If I asked a roomful of Australians if they knew of Peter Norman, I suspect the majority would say they had vaguely heard the name, but most would not know whom I was referring to.
Having spent most of my life in a race-based advocacy space, I was well aware of exactly who this person was – and the impact he’s had on race relations here and in the US.
So, who is Peter Norman?
In his own words: “I guess I’d just like to be thought of as an interesting old guy.”
So why does this interesting old guy have a day designated in his honour, but not in his own country, but in the USA?”
Perhaps you remember the famous photo from the 1968 Mexico Olympics, where two black athletes each had one of their arms raised with a black glove on?
Pan to the left of that photo, and you see that the person on the silver medal position is a white man. Yes, Peter Norman. A white man who proudly stood by the side of John Carlos and Tommie Smith, his two black brothers, in solidarity with them in the black rights movement.
Peter Norman stood with them, well aware of the significance of what he was doing and appreciating what the consequences of his actions would be. And despite that he was very proud to do so.
I had read widely about Peter Norman before approaching this book, simply titled, The Peter Norman Story. My knowledge of him was of an athlete who simply grasped an opportunity to stand by his black brothers.
But as you read the book, written by his nephew Matt Norman, and Andrew Webster, you learn of a deeply religious man, committed to issues of equality and equity.
He was a person committed to the rights of Aboriginal people and that sentiment flows throughout this book.
“Warts and all, I’ve been lucky enough to be in the right places at the right times on a lot of occasions,” he once said.
As I read, my view of the man morphed from adoration to pity, as the system isolated and ostracised him. That pity then moved to anger as his rejection of his wife, Ruth, and children by that marriage played out after his return from Mexico.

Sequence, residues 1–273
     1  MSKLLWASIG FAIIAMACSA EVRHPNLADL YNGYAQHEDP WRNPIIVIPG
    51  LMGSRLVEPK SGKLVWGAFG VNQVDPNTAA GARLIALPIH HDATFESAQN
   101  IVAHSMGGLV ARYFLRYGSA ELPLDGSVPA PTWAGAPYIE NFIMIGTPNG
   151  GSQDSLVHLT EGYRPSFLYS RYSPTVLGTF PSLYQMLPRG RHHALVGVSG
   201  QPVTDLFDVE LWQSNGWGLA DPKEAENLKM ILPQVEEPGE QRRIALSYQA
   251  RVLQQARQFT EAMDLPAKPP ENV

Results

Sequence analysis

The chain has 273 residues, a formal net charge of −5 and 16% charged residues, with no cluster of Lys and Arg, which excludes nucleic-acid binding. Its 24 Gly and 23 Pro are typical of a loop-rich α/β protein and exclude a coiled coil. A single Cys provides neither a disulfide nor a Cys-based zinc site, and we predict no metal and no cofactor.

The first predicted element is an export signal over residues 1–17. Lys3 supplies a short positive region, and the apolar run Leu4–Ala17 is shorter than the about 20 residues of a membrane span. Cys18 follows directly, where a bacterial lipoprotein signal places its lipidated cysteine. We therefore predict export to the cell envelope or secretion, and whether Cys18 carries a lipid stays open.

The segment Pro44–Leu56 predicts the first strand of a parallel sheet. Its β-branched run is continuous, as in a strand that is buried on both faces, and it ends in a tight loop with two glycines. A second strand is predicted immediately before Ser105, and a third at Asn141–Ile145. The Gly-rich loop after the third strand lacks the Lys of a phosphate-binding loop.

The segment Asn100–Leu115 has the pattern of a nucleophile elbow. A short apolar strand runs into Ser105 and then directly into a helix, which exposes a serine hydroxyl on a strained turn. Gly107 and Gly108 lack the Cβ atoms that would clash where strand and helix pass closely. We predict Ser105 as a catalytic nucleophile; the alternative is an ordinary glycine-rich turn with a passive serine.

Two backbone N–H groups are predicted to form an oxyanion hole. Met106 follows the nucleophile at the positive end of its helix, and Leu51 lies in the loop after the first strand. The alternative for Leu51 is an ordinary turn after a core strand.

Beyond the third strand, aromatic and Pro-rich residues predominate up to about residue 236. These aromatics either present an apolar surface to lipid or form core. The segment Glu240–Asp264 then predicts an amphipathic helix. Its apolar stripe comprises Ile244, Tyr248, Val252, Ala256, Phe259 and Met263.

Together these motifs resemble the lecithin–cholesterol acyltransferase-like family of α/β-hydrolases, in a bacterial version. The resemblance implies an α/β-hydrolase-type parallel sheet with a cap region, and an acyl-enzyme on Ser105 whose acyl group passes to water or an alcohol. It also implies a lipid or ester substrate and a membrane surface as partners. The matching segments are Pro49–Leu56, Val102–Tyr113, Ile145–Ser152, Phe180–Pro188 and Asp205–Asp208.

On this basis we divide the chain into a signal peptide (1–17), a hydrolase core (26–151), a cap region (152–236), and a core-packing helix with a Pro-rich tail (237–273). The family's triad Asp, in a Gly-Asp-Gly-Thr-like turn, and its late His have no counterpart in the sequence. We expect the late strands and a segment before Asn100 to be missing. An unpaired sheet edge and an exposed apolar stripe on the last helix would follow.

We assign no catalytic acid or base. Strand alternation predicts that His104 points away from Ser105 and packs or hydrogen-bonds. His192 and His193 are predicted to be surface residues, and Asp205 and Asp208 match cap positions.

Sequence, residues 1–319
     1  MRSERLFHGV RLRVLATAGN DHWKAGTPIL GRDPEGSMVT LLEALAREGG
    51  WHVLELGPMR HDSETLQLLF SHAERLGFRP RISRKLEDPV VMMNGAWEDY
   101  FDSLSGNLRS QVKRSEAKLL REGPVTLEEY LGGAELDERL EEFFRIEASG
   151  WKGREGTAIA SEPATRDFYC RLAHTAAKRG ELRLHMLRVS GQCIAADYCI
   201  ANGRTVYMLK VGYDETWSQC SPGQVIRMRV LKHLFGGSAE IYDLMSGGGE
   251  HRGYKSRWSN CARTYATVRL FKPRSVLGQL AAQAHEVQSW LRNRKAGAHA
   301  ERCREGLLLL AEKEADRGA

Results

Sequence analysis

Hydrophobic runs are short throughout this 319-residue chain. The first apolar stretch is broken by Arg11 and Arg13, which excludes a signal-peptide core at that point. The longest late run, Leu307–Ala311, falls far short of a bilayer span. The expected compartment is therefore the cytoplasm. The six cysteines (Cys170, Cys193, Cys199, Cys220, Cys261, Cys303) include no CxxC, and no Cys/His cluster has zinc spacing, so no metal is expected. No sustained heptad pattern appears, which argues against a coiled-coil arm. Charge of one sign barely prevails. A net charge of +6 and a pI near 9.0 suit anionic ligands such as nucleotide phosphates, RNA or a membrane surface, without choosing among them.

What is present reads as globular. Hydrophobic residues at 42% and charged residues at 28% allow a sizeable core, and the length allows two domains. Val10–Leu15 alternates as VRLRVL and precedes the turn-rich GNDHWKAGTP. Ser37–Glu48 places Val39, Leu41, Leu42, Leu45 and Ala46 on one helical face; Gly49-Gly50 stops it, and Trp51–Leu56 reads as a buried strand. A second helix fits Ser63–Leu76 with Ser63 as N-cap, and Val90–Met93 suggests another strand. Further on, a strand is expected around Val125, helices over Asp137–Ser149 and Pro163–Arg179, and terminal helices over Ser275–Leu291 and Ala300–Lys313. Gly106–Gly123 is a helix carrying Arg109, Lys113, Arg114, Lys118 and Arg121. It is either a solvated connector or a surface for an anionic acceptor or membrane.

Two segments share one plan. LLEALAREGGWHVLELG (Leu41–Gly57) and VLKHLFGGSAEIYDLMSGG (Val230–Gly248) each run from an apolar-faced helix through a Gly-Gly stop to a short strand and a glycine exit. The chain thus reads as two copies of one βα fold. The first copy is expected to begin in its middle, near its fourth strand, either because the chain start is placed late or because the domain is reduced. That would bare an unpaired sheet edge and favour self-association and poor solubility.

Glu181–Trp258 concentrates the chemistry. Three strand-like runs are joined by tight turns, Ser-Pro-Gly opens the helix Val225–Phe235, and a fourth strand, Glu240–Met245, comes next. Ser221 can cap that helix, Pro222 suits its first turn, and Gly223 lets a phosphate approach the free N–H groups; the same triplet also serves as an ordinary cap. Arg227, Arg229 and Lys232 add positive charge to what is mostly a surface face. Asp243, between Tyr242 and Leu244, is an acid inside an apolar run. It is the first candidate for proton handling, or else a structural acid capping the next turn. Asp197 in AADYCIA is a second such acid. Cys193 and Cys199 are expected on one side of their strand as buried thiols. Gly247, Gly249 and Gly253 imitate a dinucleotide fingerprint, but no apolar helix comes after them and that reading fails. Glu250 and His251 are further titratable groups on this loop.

As he was beaten into submission by the system that had elevated him to cult hero status due to his athletic ability, then dragged him into the mire, because of the hatred for the position he took with Carlos and Smith, you begin to see the frailty of the man.
It was an era of blatant racism in Australia, as it was in the US. Peter Norman was a man who did not exhibit any of that racism. And he could not understand how anyone else could.
His descent into a life dominated by alcohol and disappointment played out in his personal life to the point of impacting directly on his health, and ultimately bringing on an early demise.
The Peter Norman Story is one that needs to be told. It demonstrates the inherent humanity of people. It also highlights the inherent racism of aspects of our society.
There is a connection to the Black Lives Matter movement and the “kneeling” currently being undertaken by US athletes. Around a year ago John Carlos and Colin Kaepernick met in a much heralded meeting. And that drew the connection between the 1968 Olympics protest and the kneeling movement of today.
Norman was a figure completely distant from the black rights movement. But the one connection he had through Carlos and Smith was their humanity. That humanity shone through on that day in 1968.
The impact on the athletes can be gauged not only from the designation of the Peter Norman day, but also in the fact that they (Carlos and Smith) were the pallbearers at Norman’s funeral.
Was Norman also a great athlete? Yes. His record for the 200 Metres still stands as an Australian record, 50 years after it was set.
The Peter Norman Story does not set out to moralise or attack the system in any fashion. It is a personal narrative and gives you an insight into a complex and frail character who was a major contributor to the black rights movement, almost unwittingly.
I understand that there is a movie being made of the story. I look forward to seeing that when it is done. In the meantime, enjoy the narrative, which is personal and an enjoyable read.